The 11th Hussars

19/07 Updated: 07/11 08:29

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The history of the 11th Hussars (Prince Albert's Own) 'Cherrypickers' is one which began in Essex in 1715, raised as Honywood's Dragoons, in response to the Jacobite Rebellion, taking their first Colonels name.

For the following thirty years they were used in the law enforcement role being dispatched all over the Country where the situation demanded.

In 1746 they took part in their first and only battle on home soil at 'Culloden' opposing the 'Young Pretender'.

Ten years later the Regiment won its first battle honour at 'Warburg' (1760), near to 'Kassel' in Germany during the Seven years war from 1756.

After returning home the Regiment changed name in 1783 becoming the 11th Light Dragoons.

During the 'French Revolution' in 1793 the Regiment served at 'Flanders' in 1795, 'Valenciennes', 'Dunkirk', and 'Le Cateau' followed, where later the echoes of the past would return during WW1 & 2.

In 1800 'C' Squadron were posted to Egypt, through their action at the battle of 'Alexandria' earned them the right and Regimental distinction of being 'Right of the Line' which still remains to this day.

From 1811 to 1813 the Regiment served with distinction in Portugal and Spain during the Peninsula War (it is presumed that it was here that the 11th gained the nickname; Cherrypickers) before retuning home for a short spell before again being sent out to the continent in 1815.

On the 16th June 1815 the Regiment after a forced march of forty five miles was the first British Cavalry Regiment into action and to face Marshall Ney at 'Quatre Bras' in Belgium.

Two days later on the 18th after helping to defend Wellingtons supply route back to 'Brussels' at Quatre Bras', the 11th were heavily involved in the Battle of Waterloo loosing one Officer, twenty eight soldiers and seventeen Horses.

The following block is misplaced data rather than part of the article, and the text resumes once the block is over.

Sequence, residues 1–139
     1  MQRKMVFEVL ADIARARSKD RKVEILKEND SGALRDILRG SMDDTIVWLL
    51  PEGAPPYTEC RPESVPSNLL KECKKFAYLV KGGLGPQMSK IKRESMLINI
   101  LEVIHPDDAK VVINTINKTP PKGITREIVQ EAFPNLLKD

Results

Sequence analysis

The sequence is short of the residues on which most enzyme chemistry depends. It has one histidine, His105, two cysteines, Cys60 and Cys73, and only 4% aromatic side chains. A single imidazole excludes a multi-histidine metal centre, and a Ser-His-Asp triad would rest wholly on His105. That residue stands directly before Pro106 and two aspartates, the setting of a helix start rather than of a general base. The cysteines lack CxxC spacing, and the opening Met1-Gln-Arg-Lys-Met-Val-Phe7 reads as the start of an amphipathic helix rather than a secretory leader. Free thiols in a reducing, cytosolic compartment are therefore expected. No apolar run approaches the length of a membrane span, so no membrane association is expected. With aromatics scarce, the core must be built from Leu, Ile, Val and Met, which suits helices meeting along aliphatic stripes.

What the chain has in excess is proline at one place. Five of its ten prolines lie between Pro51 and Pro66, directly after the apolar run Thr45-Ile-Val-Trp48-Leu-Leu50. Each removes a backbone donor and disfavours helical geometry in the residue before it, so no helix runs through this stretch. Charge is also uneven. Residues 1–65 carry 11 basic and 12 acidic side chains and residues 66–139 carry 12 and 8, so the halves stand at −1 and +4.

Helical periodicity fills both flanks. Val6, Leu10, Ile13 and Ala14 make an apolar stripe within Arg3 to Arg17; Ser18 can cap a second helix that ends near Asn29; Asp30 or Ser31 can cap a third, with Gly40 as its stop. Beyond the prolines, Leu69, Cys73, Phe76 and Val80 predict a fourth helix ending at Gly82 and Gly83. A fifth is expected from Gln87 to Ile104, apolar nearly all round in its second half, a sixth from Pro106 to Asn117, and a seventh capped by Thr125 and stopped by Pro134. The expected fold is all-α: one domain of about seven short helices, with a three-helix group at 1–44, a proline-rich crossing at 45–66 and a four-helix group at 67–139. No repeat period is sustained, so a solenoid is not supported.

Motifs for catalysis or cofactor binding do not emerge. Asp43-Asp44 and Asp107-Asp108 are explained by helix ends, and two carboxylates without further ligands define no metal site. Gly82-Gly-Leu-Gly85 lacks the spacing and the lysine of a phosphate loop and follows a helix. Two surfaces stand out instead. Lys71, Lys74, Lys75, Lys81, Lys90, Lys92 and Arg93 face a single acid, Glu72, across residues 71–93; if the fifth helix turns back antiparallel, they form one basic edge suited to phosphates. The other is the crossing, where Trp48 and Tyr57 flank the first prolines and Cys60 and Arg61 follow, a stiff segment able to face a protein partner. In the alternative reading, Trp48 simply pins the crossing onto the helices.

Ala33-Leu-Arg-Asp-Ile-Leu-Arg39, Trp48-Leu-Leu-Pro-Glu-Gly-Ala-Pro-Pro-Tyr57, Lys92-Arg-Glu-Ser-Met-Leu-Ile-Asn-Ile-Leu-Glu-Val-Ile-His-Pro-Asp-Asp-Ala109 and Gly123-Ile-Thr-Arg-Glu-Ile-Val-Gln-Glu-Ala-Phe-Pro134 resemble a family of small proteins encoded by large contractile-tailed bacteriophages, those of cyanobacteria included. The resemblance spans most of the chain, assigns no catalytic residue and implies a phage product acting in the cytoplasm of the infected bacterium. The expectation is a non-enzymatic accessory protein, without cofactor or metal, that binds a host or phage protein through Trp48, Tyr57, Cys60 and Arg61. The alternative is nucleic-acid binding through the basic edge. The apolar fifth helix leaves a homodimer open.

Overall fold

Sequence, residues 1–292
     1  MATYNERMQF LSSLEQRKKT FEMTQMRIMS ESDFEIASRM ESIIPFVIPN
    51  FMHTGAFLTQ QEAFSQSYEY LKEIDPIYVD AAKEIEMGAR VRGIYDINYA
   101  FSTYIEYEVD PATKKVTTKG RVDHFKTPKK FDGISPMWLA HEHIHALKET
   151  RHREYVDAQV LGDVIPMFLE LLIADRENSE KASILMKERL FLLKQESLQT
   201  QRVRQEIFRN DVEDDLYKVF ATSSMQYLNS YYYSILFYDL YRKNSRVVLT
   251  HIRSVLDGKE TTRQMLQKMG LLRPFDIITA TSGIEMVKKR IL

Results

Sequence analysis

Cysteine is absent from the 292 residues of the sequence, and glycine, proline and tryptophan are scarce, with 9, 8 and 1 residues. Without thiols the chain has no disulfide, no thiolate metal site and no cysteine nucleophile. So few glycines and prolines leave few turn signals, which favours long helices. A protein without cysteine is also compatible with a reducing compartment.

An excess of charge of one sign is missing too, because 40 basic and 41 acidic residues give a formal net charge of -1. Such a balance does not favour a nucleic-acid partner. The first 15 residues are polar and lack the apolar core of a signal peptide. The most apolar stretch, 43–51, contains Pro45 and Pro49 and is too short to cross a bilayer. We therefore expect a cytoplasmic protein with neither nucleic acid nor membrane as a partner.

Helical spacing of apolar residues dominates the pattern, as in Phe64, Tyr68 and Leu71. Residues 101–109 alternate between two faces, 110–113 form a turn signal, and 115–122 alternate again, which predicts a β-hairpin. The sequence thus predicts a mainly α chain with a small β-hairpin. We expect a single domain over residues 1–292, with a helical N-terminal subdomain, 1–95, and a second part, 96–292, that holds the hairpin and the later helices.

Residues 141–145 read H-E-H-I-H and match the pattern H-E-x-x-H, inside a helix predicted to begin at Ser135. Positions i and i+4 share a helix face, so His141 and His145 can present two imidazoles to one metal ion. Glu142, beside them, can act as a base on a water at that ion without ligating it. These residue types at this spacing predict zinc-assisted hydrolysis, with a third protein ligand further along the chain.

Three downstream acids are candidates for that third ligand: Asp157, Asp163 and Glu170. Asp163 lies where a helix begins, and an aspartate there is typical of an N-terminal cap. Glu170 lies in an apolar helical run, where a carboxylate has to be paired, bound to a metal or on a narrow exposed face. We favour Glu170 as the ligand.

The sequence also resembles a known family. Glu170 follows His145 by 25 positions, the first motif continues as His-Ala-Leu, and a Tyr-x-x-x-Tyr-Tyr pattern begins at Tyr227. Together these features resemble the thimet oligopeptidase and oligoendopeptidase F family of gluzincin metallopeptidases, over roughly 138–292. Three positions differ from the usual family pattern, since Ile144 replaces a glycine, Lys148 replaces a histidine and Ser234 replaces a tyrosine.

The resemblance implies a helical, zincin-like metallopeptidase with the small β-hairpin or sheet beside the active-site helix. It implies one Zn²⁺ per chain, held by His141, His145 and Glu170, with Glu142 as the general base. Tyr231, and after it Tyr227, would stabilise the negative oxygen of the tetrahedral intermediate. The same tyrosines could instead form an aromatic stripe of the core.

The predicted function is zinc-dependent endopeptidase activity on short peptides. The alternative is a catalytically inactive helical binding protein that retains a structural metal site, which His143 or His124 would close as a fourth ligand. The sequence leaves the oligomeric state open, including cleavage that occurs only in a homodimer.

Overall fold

As the Duke of Wellington led the victories allied army into Paris on the 7th July 1815 the 11th acted as his escort, before bivouacking in the 'Champs Elysees'.

Returning to England in 1818 for a few months before being posted out to India for nineteen years, playing an active role at the siege of 'Bhurtpore' in 1825, before returning home again in 1838

Two years later in 1840 the 11th provided the escort to Prince Albert from Dover to Canterbury and then onwards to London for his marriage to Queen Victoria.

In his appreciation Prince Albert became Colonel of the Regiment, exchanging the blue overalls for the crimson of the House of Saxe Coburg Gotha, and now becoming the 11th Prince Albert's Own Hussars and then shortly after the 11th Hussars (Prince Albert's Own).

In 1852 the 11th were sent to Ireland for two years, before joining the Allied Expedition to the Crimea in 1854.

Embarking on five Ships and after a voyage of six weeks they landed in the September.

After two brief minor skirmishes with the Russians at 'Bulganak' it would be on the 25th October 1955 that 110 all ranks and the Regiments mascot 'Boxer' an Irish wolfhound who followed his masters and their mounts down the Valley of Death and back at Balaklava, during the 'Charge of the Light Brigade' under the Command of Colonel John Douglas the following month.

Later immortalized in Lord Tennyson's striking poem, the Charge of the Light Brigade